The neverending story that is Daisuke Matsuzaka's rehab will add a new chapter Wednesday in Winston-Salem, NC. He'll pitch for the single-A Salem Red Sox in their Carolina League playoff game against the Winston-Salem Dash.

Daisuke's struggled in his last two outings. But afterword, through a translator, he'll give some BS about "experimenting" with one thing or another. Well so far in his rehab, Dr. Dice-K and his madcap experiments haven't produced anything.

We all remember the debacle about Daisuke and the Sox shoulder program. We all know that the Sox weren't happy with his off-season conditioning program that consisted of throwing, more throwing, then some more throwing. And then he threw even more in the WBC.

Daisuke hasn't subscribed to the way things are done in America. There wasn't any sucuh drama when Hideo Nomo, Hideki Irabu, and other Japanese pitchers made the transition from Japan to the Majors. Why is Daisuke different? How come Junichi Tazawa doesn't have his own throwing programs?

Frankly, I'm sick of Daisuke's drama. Just do what the rest of the team does, and then if that doesn't work, figure it out on your own. But Matsuzaka's regimen of his own homespun remedies have done nothing but fail him, and fail the team.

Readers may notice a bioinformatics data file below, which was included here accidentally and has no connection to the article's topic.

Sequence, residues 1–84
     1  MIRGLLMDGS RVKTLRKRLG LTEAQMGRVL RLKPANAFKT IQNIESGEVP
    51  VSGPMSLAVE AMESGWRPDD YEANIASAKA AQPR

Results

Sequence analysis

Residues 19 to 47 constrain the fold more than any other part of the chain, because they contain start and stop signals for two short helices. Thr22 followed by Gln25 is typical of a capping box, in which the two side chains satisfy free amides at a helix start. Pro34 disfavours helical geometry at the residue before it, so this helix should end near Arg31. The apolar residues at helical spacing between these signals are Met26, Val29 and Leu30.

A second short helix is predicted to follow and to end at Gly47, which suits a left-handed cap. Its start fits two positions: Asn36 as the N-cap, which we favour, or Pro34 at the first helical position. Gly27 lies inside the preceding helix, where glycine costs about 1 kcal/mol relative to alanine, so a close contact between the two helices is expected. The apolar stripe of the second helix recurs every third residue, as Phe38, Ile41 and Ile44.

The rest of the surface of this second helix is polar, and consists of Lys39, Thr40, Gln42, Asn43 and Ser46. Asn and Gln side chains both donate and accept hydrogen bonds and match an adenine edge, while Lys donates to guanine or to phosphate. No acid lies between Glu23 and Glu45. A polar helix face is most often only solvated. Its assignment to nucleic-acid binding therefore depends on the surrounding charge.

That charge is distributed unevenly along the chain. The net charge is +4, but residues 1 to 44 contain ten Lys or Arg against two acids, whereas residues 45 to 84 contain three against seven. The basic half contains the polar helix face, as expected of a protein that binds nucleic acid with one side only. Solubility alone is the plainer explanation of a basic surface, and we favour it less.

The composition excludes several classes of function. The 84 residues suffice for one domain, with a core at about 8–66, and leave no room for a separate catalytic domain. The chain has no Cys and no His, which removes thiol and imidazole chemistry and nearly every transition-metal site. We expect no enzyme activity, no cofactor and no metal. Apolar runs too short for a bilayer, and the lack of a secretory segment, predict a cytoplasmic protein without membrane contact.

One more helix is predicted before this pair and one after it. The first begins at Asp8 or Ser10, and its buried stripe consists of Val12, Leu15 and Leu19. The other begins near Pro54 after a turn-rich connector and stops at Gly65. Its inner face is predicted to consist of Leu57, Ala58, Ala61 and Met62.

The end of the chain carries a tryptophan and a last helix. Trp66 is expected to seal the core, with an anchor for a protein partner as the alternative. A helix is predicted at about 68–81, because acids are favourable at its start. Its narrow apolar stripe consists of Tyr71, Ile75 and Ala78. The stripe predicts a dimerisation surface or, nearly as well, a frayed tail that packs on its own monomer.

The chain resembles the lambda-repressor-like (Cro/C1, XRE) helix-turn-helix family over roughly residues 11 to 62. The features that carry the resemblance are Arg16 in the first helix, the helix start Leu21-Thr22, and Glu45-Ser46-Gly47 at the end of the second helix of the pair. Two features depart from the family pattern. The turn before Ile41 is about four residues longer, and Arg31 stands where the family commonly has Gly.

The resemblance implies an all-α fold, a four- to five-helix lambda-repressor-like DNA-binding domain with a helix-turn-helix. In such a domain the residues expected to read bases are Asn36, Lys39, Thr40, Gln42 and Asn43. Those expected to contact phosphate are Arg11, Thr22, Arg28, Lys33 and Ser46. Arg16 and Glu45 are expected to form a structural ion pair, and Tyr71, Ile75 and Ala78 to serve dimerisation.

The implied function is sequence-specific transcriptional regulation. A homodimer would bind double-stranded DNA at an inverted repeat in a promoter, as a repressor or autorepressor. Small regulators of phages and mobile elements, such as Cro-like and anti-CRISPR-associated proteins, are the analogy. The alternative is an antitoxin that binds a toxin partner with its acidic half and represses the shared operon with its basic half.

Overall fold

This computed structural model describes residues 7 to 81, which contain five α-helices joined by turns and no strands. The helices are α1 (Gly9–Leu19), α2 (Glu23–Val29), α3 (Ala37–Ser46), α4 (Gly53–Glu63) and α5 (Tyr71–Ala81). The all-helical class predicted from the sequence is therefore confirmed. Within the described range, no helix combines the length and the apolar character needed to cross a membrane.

Winston-Salem Journal


The Pats traded tight end David Thomas to the Saints for a 7th round pick. I had always had high hopes for him. He was drafted by the Patriots in the 3rd round of the '06 draft, but injuries hurt his career in Foxborough.

The Patriots also cut tight end Alex Smith after using a 5th round pick to acquire him.

Shawn Crable was placed on injured reserve, ending his 2009 season before it started.

Backup offensive tackle Ryan O'Callaghan was also let go.

And just today, the Patriots released Greg Lewis.

Reiss's Pieces


This might be the strongest unit on the team, top to bottom. So strong, in fact, that the Patriots will probably use more 4-3 than 3-4. Vince Wilfork should be a 5 time Pro Bowler, and Ty Warren might be the most underrated linemen in the game. Then there's pass-rushing specialist Jarvis Green, who can play on the end in a 4-3. Veteran Mike Wright and rookie Ron Brace fill up the depth chart inside at tackle.

Vince Wilfork is superhuman. He's big, strong, and fast. He was 3rd on the team in tackles last year with 45. He only has 7.5 career sacks, but that's because they don't award assists to the nose tackle who absorbs a double-team, allowing the ends and linebackers to get to the QB.